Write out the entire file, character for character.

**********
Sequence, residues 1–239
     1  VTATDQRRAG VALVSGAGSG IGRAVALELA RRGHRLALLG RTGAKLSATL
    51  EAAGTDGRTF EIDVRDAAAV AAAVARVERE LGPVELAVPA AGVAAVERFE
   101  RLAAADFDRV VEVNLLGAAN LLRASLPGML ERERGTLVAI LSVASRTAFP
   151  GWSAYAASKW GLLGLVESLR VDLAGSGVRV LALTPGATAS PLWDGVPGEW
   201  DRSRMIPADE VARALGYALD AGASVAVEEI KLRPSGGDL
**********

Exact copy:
Sequence, residues 1–239
     1  VTATDQRRAG VALVSGAGSG IGRAVALELA RRGHRLALLG RTGAKLSATL
    51  EAAGTDGRTF EIDVRDAAAV AAAVARVERE LGPVELAVPA AGVAAVERFE
   101  RLAAADFDRV VEVNLLGAAN LLRASLPGML ERERGTLVAI LSVASRTAFP
   151  GWSAYAASKW GLLGLVESLR VDLAGSGVRV LALTPGATAS PLWDGVPGEW
   201  DRSRMIPADE VARALGYALD AGASVAVEEI KLRPSGGDL